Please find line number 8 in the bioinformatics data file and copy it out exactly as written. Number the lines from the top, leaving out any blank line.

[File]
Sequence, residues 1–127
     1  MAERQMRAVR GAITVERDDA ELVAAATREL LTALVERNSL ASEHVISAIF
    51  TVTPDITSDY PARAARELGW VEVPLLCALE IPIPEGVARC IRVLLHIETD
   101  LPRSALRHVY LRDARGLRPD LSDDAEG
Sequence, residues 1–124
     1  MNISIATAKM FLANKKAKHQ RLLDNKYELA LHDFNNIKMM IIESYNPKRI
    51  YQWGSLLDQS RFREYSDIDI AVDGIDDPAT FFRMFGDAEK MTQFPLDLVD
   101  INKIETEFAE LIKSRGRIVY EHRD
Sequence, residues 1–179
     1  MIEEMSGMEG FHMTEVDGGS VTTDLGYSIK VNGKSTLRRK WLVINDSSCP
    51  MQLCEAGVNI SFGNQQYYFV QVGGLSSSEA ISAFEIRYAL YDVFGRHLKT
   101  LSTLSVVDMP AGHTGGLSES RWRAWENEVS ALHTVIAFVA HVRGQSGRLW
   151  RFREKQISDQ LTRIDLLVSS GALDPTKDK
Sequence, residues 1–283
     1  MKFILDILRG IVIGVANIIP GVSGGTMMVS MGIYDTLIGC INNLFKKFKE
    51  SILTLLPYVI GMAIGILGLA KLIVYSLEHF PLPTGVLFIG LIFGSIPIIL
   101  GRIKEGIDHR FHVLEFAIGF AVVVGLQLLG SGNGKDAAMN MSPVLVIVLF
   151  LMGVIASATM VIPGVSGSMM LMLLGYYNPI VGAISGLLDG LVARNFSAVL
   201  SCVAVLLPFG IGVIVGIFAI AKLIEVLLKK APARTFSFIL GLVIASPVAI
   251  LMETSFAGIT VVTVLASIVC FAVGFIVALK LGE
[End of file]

   101  INKIETEFAE LIKSRGRIVY EHRD